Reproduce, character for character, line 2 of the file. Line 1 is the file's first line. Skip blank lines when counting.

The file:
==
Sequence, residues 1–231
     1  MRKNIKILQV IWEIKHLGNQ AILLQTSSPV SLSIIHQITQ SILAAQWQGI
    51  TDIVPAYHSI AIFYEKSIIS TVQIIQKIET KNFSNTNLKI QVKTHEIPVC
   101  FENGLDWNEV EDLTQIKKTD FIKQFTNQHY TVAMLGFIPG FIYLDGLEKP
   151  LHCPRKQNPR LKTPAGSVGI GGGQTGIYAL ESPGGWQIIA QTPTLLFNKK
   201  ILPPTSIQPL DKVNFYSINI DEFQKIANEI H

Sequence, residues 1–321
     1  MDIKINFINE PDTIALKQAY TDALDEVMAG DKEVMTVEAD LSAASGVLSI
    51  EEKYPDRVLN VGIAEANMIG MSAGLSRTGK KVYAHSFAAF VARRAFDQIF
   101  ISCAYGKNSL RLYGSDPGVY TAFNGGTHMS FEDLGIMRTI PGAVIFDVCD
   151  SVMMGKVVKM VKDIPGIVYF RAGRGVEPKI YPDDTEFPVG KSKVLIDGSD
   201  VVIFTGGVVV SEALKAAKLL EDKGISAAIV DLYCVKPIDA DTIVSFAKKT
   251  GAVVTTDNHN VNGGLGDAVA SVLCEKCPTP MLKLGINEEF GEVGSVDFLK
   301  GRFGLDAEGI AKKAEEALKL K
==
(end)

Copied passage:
     1  MRKNIKILQV IWEIKHLGNQ AILLQTSSPV SLSIIHQITQ SILAAQWQGI